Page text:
Cancer and Community

Nothing teaches the importance of friends and family like a cancer crisis.  We had only been in the the rural community of Edam, Saskatchewan seven years before Bruce’s cancer diagnosis. He knew everyone with his job as a RM Grader operator. Duties of raising cattle and training horses kept me on the ranch and I would always be “Bruces wife”. Seven years later we were still the “new people”. I loved the community and the people who called it home. Leaving it was never part of the plan, but hen cancer showed up.

Life there was laid back and simple 

Edam was a step back to the 70’s and 80’s for us. Life was laid back and simple. The fishing and hunting was the best we’d known. Friends and neighbors were down home, genuine and sincere. How could we be so lucky to find a place similar to the one we had just lost. It would be a few years later that we would learn the value of friends, family and community .


Grader Operator for RM of Turtle River
Grader Operator for RM of Turtle River

Appreciating the value of friends with cattle trailers

We soon learned the value of friends and community. News of Bruce’s cancer diagnosis spread swiftly throughout the little community. It was spring 2014 and time for cows and calves to hit green pasture. In no time at all, neighbors had been secretly recruited to get our cattle to pasture. The trip to pasture was 1 hour one way and we needed to make 5 or 6 trips with our unit.

What happened next is a bit of a blur. One morning about 7:00 a.m. a convoy of trucks and trailers came thru the yard heading toward the sorting pens. Cattle were loaded one trailer after another. In less than 2 hours all the cattle were grazing on lush pasture an hour away. It was such a surprise. Friends and neighbors came from hours away to lend a hand. To this day I’m sure it was the work of Bruce’s best friend Robert Blais. Robert never really fessed up to organizing the hauls but we knew. Bruce had found a soul mate in Robert. The competition for Bruce’s time was a fierce one. I had just learned the value of amazing friends and the goodness people have in time of crisis. Cancer was ugly, but the lessons it taught were invaluable.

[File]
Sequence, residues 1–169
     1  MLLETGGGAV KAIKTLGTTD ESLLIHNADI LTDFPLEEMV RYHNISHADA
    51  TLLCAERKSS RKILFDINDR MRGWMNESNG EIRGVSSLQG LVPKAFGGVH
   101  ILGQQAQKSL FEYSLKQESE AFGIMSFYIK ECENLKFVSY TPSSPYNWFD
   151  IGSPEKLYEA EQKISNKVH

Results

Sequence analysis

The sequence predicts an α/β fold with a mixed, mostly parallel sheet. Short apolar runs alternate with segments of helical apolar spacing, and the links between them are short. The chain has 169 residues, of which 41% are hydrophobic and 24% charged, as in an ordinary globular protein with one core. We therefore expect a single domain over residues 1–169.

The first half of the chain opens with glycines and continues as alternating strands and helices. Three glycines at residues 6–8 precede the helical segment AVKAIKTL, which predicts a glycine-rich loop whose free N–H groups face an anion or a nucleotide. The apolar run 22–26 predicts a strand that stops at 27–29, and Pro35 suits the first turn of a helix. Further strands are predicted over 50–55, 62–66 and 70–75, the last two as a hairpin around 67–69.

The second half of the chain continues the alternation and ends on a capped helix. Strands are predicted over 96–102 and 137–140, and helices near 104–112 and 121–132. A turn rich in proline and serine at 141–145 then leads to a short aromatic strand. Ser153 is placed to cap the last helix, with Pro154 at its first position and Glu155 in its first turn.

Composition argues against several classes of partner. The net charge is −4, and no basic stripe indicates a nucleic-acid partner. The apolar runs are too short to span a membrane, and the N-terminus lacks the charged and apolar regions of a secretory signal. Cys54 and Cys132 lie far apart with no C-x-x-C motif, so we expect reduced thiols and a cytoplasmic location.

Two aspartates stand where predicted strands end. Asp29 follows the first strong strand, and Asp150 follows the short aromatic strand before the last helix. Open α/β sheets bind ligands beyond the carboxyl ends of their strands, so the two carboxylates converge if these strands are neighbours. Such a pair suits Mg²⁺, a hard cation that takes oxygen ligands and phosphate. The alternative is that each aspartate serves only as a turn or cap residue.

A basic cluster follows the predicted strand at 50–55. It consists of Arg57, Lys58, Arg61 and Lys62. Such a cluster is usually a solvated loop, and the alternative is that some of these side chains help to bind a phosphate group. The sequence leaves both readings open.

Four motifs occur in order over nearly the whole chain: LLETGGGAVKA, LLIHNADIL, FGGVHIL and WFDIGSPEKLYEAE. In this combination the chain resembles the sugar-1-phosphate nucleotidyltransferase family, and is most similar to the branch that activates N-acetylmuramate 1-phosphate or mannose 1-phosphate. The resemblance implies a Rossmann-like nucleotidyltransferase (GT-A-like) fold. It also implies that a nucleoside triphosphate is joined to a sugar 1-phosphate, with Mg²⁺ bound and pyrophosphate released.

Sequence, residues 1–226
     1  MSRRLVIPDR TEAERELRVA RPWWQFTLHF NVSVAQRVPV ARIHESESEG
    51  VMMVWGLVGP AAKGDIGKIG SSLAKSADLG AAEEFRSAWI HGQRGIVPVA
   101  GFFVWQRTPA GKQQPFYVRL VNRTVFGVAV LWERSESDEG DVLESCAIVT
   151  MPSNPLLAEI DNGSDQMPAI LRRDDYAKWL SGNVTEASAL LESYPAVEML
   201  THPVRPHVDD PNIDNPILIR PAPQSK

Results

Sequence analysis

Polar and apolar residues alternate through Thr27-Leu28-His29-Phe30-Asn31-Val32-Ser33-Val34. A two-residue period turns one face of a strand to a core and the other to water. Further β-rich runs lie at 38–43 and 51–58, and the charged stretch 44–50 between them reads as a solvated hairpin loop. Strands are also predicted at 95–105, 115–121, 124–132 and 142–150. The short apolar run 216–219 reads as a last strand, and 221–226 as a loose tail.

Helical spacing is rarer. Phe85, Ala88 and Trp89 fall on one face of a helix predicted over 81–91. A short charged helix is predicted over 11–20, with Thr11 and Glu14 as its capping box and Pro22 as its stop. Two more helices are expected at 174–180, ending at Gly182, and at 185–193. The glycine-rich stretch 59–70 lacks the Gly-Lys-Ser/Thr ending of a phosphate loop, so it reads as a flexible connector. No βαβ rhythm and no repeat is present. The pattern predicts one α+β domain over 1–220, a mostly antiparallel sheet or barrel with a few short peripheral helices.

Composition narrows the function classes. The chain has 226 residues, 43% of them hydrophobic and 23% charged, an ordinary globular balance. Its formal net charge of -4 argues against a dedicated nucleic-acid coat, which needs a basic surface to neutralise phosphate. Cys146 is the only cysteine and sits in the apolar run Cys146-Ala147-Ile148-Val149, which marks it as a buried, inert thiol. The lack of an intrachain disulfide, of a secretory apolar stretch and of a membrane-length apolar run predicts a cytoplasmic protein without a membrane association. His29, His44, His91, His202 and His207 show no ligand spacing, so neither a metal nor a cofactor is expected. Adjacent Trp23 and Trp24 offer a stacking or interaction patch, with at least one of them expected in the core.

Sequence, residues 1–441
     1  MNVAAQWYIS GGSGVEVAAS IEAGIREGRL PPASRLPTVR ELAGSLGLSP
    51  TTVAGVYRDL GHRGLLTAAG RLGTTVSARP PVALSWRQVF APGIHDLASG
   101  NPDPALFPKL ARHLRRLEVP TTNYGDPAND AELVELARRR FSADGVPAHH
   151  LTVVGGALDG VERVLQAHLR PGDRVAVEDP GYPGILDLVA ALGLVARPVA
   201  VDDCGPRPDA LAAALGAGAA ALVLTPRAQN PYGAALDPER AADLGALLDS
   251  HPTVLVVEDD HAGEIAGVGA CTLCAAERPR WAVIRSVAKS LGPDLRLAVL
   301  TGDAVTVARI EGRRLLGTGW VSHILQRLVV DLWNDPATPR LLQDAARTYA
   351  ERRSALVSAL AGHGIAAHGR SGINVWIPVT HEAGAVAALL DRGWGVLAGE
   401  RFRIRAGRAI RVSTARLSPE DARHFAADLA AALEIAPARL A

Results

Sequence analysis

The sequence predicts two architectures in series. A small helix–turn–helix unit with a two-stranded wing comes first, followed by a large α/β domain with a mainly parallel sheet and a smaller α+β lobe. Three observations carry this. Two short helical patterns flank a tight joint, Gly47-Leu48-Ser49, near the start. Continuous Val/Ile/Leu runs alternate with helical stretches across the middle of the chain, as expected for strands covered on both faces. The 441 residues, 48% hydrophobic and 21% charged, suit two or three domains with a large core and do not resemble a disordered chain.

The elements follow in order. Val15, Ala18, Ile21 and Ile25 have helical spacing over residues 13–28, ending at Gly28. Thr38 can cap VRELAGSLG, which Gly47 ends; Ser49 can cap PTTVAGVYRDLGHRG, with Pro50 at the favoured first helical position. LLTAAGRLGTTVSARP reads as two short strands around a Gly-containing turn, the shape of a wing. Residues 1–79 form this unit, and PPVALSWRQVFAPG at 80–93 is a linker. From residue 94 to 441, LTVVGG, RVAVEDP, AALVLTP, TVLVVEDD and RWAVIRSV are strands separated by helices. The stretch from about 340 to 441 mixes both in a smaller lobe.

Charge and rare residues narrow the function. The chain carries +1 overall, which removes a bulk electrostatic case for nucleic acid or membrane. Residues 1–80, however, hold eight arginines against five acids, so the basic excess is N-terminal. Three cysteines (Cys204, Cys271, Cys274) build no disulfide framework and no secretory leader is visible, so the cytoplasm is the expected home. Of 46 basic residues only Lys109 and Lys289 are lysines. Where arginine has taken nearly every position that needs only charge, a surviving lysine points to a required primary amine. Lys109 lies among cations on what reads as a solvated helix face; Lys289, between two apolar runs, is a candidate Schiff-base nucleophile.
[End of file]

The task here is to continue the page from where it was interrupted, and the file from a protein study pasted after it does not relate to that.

A cancer crisis made me realize that friends, family and neighbors are genuine and have good souls. They know when they are needed and go beyond expectations. The experience rekindled my faith in humanity and made so proud to be part of this close knit community and the friends we had made, The goodness that came outweighed the overwhelming loss both Bruce and I were experiencing.

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